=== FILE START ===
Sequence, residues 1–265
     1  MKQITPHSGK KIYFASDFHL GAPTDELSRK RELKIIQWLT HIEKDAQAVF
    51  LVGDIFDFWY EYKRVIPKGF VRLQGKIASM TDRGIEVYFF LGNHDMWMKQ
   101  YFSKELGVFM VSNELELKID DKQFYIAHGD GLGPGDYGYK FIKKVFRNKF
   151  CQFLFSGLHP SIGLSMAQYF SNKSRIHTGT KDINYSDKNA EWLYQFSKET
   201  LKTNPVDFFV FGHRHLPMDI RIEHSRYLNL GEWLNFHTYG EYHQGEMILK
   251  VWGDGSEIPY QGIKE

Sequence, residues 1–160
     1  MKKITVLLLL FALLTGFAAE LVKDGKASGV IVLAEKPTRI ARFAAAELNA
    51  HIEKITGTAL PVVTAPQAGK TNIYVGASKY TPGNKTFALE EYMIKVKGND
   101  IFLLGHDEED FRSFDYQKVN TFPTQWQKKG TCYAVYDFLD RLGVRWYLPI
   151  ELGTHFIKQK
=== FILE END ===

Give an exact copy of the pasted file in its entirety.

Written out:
Sequence, residues 1–265
     1  MKQITPHSGK KIYFASDFHL GAPTDELSRK RELKIIQWLT HIEKDAQAVF
    51  LVGDIFDFWY EYKRVIPKGF VRLQGKIASM TDRGIEVYFF LGNHDMWMKQ
   101  YFSKELGVFM VSNELELKID DKQFYIAHGD GLGPGDYGYK FIKKVFRNKF
   151  CQFLFSGLHP SIGLSMAQYF SNKSRIHTGT KDINYSDKNA EWLYQFSKET
   201  LKTNPVDFFV FGHRHLPMDI RIEHSRYLNL GEWLNFHTYG EYHQGEMILK
   251  VWGDGSEIPY QGIKE

Sequence, residues 1–160
     1  MKKITVLLLL FALLTGFAAE LVKDGKASGV IVLAEKPTRI ARFAAAELNA
    51  HIEKITGTAL PVVTAPQAGK TNIYVGASKY TPGNKTFALE EYMIKVKGND
   101  IFLLGHDEED FRSFDYQKVN TFPTQWQKKG TCYAVYDFLD RLGVRWYLPI
   151  ELGTHFIKQK